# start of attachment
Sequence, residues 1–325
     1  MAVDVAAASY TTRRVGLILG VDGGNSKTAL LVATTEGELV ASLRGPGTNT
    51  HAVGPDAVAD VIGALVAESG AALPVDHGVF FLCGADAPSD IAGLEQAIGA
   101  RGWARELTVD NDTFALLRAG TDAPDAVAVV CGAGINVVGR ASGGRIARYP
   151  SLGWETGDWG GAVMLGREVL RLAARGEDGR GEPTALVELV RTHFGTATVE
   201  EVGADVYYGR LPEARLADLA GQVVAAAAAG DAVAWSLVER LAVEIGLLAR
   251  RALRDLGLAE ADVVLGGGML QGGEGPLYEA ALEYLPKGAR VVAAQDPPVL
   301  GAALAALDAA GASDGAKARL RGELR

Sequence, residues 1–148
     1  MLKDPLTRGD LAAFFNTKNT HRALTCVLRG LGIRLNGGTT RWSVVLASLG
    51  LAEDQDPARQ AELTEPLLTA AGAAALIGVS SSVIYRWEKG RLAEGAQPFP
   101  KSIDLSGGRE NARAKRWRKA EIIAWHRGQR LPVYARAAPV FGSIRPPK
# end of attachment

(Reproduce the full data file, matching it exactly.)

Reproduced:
Sequence, residues 1–325
     1  MAVDVAAASY TTRRVGLILG VDGGNSKTAL LVATTEGELV ASLRGPGTNT
    51  HAVGPDAVAD VIGALVAESG AALPVDHGVF FLCGADAPSD IAGLEQAIGA
   101  RGWARELTVD NDTFALLRAG TDAPDAVAVV CGAGINVVGR ASGGRIARYP
   151  SLGWETGDWG GAVMLGREVL RLAARGEDGR GEPTALVELV RTHFGTATVE
   201  EVGADVYYGR LPEARLADLA GQVVAAAAAG DAVAWSLVER LAVEIGLLAR
   251  RALRDLGLAE ADVVLGGGML QGGEGPLYEA ALEYLPKGAR VVAAQDPPVL
   301  GAALAALDAA GASDGAKARL RGELR

Sequence, residues 1–148
     1  MLKDPLTRGD LAAFFNTKNT HRALTCVLRG LGIRLNGGTT RWSVVLASLG
    51  LAEDQDPARQ AELTEPLLTA AGAAALIGVS SSVIYRWEKG RLAEGAQPFP
   101  KSIDLSGGRE NARAKRWRKA EIIAWHRGQR LPVYARAAPV FGSIRPPK